You may be offered mammograms, MRI, or a combination of both.
This is the most commonly used test for screening. A mammogram is a low-dose x-ray of the breast tissue. It tests for early breast cancer. You'll need to remove your clothes from the top part of your body, including your bra. The radiographer will then position you so that each breast, in turn, is placed on the x-ray machine and gently but firmly compressed (squashed) against a flat, clear, plastic plate. The breast tissue needs to be compressed to keep the breast still, and to get the clearest picture with the lowest amount of radiation possible. Most women find this uncomfortable, and for some women it is painful for a short time while the breast is being compressed. You'll need to stay still for less than a minute while the picture is being taken. Usually two mammograms are taken of each breast from different angles.
The standard way of taking mammograms uses x-ray images of the breast. A newer technique called digital mammography uses computer imaging. Studies have shown that digital mammograms are better at finding cancers in younger women and women who have denser breast tissue.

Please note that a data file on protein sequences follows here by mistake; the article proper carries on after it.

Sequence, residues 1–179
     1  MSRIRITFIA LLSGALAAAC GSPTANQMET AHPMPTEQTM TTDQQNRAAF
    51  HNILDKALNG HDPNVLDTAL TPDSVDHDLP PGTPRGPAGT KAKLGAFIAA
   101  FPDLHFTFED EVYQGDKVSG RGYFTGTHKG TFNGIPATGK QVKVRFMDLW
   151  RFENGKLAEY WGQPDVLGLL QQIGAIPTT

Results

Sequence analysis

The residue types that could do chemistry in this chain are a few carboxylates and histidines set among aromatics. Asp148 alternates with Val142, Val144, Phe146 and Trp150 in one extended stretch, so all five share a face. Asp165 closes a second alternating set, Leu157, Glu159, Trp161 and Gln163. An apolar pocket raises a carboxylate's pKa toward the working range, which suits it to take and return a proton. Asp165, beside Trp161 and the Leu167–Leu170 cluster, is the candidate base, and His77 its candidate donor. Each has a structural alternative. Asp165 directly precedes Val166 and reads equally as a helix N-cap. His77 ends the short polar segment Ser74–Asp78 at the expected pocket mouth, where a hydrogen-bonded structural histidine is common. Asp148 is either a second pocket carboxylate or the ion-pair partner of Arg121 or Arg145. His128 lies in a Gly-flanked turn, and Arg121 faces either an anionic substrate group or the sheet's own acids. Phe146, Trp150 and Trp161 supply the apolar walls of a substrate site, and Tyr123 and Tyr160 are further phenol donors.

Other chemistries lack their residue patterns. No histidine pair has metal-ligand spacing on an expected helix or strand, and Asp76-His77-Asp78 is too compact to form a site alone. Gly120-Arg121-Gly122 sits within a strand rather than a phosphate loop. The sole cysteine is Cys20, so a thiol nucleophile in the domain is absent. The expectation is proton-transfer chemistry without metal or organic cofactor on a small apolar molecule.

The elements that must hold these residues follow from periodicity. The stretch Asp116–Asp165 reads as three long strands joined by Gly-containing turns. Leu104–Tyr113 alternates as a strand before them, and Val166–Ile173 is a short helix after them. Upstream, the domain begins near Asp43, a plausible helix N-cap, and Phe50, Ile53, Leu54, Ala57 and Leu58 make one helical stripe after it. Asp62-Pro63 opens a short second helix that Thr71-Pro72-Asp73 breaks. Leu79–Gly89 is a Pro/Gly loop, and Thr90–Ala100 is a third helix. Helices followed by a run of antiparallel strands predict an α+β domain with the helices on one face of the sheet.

Women under 50, who are having mammography because of an increased risk of breast cancer, are recommended to have digital mammography whenever possible.
MRI (magnetic resonance imaging)
MRI scanning is used for screening some women who are under 50 and at very high risk.
MRI scans use magnetism instead of x rays to build up a detailed picture of the breasts. During the scan, you'll be asked to lie very still on a couch inside a long tube for about 30 minutes. It's painless but can be uncomfortable, and some women feel a bit claustrophobic during the scan. It's also noisy, but you'll be given earplugs or headphones.
Some women are given an injection of dye into a vein in the arm, but this does not usually cause any discomfort.